Compositional biases in protein sequences can also lead to artefacts in phylogenetic reconstructions54,55. To assess the reliability of the inferred placement of Undinarchaeota based on our top-ranked marker protein sets and to ameliorate remaining biases, we subjected the curated alignment to different data treatments including removal of compositionally heterogeneous and fast-evolving sites (see Methods for details, Supplementary Data 6, Supplementary Figs. 15–24 and 32–42). Removal of compositionally biased sites resulted in notable changes in the tree topology. In particular, the originally inferred sister relationship between Halobacteria and Methanonatronarchaeia56 was supported only in analyses based on the original nontreated alignment; removal of 10% or more of the most biased sites instead supported a placement of Methanonatronarchaeia basal to Archaeoglobales, Methanomicrobia and Halobacteria (Supplementary Figs. 15 and 19), in agreement with more recent work57. However, the placement of Undinarchaeota relative to the DPANN Cluster 1 and Cluster 2, as well as the monophyly of each of these clusters, remained stable irrespective of the fraction of heterogeneous (10–40% of sites) or fast-evolving (10–40% of sites) sites removed, suggesting that our inferences are not an artefact of compositional or per-site substitution rate biases.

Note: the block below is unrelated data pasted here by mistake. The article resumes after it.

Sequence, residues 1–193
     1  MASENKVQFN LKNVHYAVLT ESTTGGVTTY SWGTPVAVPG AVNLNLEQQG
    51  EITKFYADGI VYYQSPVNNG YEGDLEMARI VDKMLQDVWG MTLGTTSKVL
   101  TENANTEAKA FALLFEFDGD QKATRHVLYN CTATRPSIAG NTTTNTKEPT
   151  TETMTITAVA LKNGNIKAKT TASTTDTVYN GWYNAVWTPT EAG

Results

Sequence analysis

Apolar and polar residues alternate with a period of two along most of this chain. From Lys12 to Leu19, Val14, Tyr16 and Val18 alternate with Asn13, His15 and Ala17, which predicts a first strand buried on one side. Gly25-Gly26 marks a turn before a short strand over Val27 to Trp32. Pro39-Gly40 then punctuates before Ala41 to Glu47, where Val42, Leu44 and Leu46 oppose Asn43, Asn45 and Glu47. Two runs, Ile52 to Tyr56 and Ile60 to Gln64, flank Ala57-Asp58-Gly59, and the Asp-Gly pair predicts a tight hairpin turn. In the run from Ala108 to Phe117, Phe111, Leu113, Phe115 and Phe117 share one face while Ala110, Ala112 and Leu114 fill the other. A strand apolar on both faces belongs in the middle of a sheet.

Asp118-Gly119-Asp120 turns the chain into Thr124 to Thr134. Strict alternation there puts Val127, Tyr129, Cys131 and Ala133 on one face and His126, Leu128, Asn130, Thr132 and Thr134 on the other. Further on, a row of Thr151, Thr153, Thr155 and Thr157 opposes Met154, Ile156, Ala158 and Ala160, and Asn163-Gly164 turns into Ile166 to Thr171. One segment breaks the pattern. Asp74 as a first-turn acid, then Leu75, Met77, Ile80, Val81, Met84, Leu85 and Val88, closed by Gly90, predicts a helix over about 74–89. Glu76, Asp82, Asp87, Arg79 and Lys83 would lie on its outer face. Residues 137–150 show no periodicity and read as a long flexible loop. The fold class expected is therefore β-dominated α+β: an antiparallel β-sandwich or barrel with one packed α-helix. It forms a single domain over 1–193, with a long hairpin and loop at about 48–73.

Finally, we reconstructed phylogenies using a recently-developed nonreversible substitution model that captures asymmetries in the exchange rates between amino acids58 to investigate the position of Undinarchaeota relative to the root of the archaeal tree (Fig. 1c, Supplementary Figs. 12,13,21,24,26–27,38 and 41, Supplementary Data 6). This method does not rely on an outgroup and therefore avoids potential LBA artefacts associated with the use of distantly related bacterial sequences to root the archaeal tree27. Notably, all our analyses recovered a monophyletic clade of Asgard, TACK and Euryarchaeota with the root being excluded from within this clade with high statistical support (100%). However, the nonreversible model failed to strongly resolve the root position within the DPANN radiation. In particular, the maximum-likelihood root was placed either (a) between all DPANN (including Cluster 1 and 2 as well as Undinarchaeota) on one side and all other Archaea on the other side (Fig. 1c, d, Supplementary Data 6, Supplementary Figs. 12–13), (b) between the Cluster 1 and all other archaea (Fig. 1e, Supplementary Data 6, Supplementary Figures 26, 27 and 38) or (c) between a cluster comprising Micrarchaeota-Diapherotrites and the rest of the Archaea (Fig. 1 f, Supplementary Table 6, Supplementary Figs. 21, 24 and 41). However, none of these root positions inferred using nonreversible models received high bootstrap support. Rooting using a bacterial outgroup recovered a root between a monophyletic DPANN clade and the rest of the Archaea with moderate to high bootstrap support (94% ultrafast bootstrap59, 98% SH-like aLRT support60; Supplementary Fig. 58), consistent with previous results27. Thus, our analyses provide strong support for the clanhood of DPANN archaea including Undinarchaeota, but do not confidently resolve the position of the archaeal root either within that clan, or between DPANN and other Archaea9,13,27.